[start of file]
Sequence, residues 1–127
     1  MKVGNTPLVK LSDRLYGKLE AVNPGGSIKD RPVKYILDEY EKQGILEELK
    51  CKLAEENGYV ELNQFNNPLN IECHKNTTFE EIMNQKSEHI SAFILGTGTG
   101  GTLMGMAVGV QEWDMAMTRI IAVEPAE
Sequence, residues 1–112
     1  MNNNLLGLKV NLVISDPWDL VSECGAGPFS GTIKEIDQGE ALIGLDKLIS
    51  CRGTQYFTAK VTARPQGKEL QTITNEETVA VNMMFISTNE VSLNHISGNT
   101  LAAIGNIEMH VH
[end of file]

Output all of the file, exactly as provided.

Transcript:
Sequence, residues 1–127
     1  MKVGNTPLVK LSDRLYGKLE AVNPGGSIKD RPVKYILDEY EKQGILEELK
    51  CKLAEENGYV ELNQFNNPLN IECHKNTTFE EIMNQKSEHI SAFILGTGTG
   101  GTLMGMAVGV QEWDMAMTRI IAVEPAE
Sequence, residues 1–112
     1  MNNNLLGLKV NLVISDPWDL VSECGAGPFS GTIKEIDQGE ALIGLDKLIS
    51  CRGTQYFTAK VTARPQGKEL QTITNEETVA VNMMFISTNE VSLNHISGNT
   101  LAAIGNIEMH VH